2015 World STI & HIV Congress and Australasian HIV&AIDS Conference
 
Dr. Andrew Jolivétte, chair of the American Indian Studies Department at San Francisco State University is an accomplished educator, writer, speaker, and socio-cultural critic. He is the author of three books: Cultural Representation in
Native America (AltaMira Press, 2006); Louisiana Creoles: Cultural Recovery and Mixed-Race Native American Identity (Lexington Books, 2007); and Obama and the Biracial Factor: The Battle for a New American Majority(Policy Press, 2012) and many journal articles and community studies including A Report on the Health and Wellness of Multiracial Youth in the San Francisco Bay Area (2008).

He is currently completing work on two new books, Indian Blood: Decolonizing Gender, Sexuality, and Mixed-Race Identity in the Face of Colonial Haunting and HIV (Under Review, Duke University Press, 2014), where he explores the efficacy
of an Indigenous stress coping mechanism along with a new intervention model on Inter-Generational Healing and Cultural Leadership to reduce HIV risk among multiracial, Lesbian, Gay, Bisexual, Transgender, and two-spirit populations. His
other new book project is an edited anthology entitled, The Research Justice Reader: Strategies for Social Transformation(SAGE Publication, In-Preparation for Submission, 2014). This manuscript is being written in collaboration with the DataCenter, Research for Justice.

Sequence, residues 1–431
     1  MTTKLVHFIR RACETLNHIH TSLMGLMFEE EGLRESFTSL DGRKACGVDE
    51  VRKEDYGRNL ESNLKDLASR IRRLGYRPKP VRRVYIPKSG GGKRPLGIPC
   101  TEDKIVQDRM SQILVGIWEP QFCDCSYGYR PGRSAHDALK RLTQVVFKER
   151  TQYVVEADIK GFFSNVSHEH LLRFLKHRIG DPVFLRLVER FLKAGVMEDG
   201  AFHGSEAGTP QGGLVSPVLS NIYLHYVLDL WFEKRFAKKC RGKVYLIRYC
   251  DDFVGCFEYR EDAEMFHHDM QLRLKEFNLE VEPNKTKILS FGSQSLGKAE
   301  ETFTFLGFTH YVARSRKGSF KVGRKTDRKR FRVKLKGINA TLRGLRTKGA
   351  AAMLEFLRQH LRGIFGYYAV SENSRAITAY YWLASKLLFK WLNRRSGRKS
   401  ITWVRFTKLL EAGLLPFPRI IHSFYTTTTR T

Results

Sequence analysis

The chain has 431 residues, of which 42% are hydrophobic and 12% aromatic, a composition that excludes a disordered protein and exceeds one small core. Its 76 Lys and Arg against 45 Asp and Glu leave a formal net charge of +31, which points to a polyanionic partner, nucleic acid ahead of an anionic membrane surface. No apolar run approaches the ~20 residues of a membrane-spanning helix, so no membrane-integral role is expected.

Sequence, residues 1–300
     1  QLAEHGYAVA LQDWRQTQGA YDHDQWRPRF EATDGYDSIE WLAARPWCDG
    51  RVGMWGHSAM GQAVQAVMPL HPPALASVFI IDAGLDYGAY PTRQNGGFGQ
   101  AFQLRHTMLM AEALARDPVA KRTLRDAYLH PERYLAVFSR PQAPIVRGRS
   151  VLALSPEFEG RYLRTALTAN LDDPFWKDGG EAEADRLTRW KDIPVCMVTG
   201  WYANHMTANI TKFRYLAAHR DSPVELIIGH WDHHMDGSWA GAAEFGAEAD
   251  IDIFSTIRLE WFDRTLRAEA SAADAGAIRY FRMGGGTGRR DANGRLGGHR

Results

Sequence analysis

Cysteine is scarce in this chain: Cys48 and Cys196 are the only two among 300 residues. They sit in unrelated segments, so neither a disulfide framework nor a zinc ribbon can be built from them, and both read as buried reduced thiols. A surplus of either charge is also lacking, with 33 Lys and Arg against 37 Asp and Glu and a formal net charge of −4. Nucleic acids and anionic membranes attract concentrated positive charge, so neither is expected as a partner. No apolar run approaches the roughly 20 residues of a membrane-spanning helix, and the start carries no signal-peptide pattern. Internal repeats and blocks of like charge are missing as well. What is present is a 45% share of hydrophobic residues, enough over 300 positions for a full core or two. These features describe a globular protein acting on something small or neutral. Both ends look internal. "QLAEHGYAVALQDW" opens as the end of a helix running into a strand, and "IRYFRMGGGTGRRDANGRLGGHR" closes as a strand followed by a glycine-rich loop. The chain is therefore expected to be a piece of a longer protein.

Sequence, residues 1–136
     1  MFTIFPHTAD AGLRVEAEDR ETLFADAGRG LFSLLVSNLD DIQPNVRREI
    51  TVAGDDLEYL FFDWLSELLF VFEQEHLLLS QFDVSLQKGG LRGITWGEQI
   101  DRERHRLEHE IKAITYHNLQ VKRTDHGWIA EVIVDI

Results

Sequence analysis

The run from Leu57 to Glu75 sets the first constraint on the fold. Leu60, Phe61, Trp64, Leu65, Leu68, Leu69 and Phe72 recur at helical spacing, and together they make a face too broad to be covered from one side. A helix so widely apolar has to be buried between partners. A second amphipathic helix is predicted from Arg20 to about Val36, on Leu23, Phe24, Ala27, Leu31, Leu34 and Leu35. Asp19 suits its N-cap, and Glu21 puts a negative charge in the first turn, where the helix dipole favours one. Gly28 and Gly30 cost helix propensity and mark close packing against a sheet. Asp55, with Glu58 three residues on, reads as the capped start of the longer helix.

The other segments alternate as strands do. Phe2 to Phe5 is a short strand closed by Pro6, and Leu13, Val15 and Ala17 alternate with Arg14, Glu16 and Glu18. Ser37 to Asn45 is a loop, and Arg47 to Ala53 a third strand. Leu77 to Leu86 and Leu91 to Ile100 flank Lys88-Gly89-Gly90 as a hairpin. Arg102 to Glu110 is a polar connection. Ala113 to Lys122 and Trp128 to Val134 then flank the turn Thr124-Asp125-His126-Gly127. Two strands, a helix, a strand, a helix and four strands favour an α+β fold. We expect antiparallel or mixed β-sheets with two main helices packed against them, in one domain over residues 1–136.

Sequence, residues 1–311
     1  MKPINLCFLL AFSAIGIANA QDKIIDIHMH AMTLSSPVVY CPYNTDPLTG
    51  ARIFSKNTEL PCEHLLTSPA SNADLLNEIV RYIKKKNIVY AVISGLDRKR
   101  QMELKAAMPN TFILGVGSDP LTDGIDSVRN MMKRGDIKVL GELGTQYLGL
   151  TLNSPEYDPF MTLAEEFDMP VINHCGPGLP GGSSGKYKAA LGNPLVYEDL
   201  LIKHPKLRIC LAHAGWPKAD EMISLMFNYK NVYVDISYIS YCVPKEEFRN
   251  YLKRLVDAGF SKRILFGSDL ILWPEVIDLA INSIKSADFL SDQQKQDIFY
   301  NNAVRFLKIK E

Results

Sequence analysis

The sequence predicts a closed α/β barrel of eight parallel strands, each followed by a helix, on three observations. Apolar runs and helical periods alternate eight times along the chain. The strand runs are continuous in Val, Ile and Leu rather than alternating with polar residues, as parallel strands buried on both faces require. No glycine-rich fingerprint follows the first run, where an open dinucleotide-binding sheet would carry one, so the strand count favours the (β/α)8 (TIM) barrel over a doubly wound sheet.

Jolivétte's writing has been featured in the American Indian Cultural and Research Journal, the Ethnic Studies Review Journal, The Yellow Journal of Medicine, the Journal of Critical Mixed Race Studies and in several anthologies.
He has served as president of the board for three organizations, Speak Out (the Institute for Democratic Education and Culture), the GLBT Historical Society &Museum, and iPride for Multiracial Families and Youth. He is the former Vice-
Chair of the DataCenter, Research for Justice Board of Directors.

Dr. Jolivette recently served as scholar in residence in Native Sexualities and Public Health at the University of California, Santa Cruz in fall 2013. He was the Indigenous Peoples’ Representative at the United Nations Forum on HIV and the
Law in 2011 during his two-year fellowship as an IHART (Indigenous HIV/AIDS Research Training Program) Fellow at the Indigenous Wellness Research Institute at the University of Washington in Seattle. He currently serves as the
co-chair for the National Association for Ethnic Studies 2014 Conference, “Research As Ceremony: Decolonizing Ethnic Studies” which will be held at Mills College in April 2014.

Dr. Jolivette is a Creole of Opelousa, Choctaw, Atakapa-Ishak, French, African, and Spanish descent. Professor Jolivette is the former tribal historian for the Atakapa-Ishak Nation located between southwest Louisiana and southeast Texas.
As a national speaker he has spoken to thousands of college students, educators, government employees and private sector organizations over the past decade across the United States. Jolivette received his Ph.D in Sociology from the University of California Santa Cruz.